When you head out for a night of live music, sometimes you want to be challenged by new bands and cutting-edge sounds; other times you simply want the relaxing comfort of familiar tunes and dependable talent. Laith Al-Saadi offers the latter, but with quality and confidence that will challenge your assumptions about what a twenty-four-year-old local musician can do. A U-M "jazz studies" student, Al-Saadi performs with the maturity of a veteran fully in command of his voice and instrument, whether crooning Sinatra ballads, improvising on a Pat Metheny composition, or gettin' down with Chuck Berry.

Al-Saadi heads up the kind of weeknight cover band that fills the background while patrons drink and talk — until they can't ignore his polished performance any longer. Partnering with a bassist or keyboardist and a drummer, Al-Saadi plays guitar with the enthusiasm of a young rocker, but he also listens to his band members, and he gives them room to explore, too. His lineup has been in flux, but both of the versions I saw — one at the Tap Room in Ypsilanti that emphasized rock and R&B, the other at Goodnite Gracie that showcased more swank jazz — were tight ensembles, clearly having a ball together. When he plays, Al-Saadi lets his emotions go, closing his eyes and throwing his head back when the song hits a climax, often laughing as his fingers fly over the strings.

More than a capable mimic, Al-Saadi brings an improvisational spirit to everything he plays. His interpretation of "Georgia" surprises with creative guitar phrasing, and he demonstrates the results of his education in jazzy instrumentals like Sonny Rollins's "Oleo." Al-Saadi's guitar stands in for Rollins's sax, dishing up show-off looping solos and bursts of out-there riffs. He can pull just about any sound from his guitar, making it smooth and open or tight and bright, and I saw him break a string on "All along the Watchtower."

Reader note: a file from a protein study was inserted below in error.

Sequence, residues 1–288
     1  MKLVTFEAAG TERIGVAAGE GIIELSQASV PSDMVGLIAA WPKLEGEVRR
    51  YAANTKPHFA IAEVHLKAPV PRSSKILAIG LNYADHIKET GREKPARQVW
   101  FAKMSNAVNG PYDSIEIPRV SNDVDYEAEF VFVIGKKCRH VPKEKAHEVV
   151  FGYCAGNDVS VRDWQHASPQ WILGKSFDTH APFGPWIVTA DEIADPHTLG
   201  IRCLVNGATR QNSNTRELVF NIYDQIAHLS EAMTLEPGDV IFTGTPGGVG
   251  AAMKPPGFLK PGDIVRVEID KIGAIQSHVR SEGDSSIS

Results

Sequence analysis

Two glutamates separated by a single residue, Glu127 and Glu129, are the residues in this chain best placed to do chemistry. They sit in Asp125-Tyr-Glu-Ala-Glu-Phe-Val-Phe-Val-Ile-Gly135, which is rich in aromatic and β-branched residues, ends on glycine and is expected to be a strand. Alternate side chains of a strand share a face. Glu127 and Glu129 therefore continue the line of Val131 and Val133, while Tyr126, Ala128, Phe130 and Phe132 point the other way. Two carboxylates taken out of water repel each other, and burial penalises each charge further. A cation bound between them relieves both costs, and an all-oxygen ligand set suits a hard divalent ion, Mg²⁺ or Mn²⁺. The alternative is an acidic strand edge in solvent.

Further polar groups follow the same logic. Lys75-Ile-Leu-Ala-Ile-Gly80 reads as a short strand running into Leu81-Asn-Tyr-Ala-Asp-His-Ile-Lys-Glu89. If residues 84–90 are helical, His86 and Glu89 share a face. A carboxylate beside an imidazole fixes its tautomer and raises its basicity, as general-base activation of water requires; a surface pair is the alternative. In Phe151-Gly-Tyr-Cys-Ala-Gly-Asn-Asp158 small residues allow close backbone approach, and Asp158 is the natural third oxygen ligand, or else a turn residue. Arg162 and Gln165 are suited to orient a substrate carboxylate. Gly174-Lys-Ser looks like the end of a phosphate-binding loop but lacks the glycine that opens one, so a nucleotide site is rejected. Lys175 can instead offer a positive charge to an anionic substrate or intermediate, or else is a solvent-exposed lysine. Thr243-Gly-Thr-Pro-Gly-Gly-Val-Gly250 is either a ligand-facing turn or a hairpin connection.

Al-Saadi's vocals are strong and warm and pitch perfect. He belts out blues standards with the proper growl in his voice, and romances his listeners with syrupy singing in "The Way You Look Tonight." He can do a soulful version of Ray Charles or a funky Stevie Wonder, improvising all around the vocal line while still offering the refinement of a trained musician.

Although I didn't see him perform any originals, Al-Saadi wrote songs for Blue Vinyl, the band he led as a Community High student, and there are some new originals in his live repertoire. Given the talents he has to draw on, and the range of musical styles with which he is comfortable, I'd be interested to hear some of his current compositions. Though I wouldn't wish rock-star fame on anyone, a lifelong career as a notable performer certainly seems in order.

Laith Al-Saadi is at Goodnite Gracie on Thursday, October 10 and 24.

Photograph by J. Adrian Wylie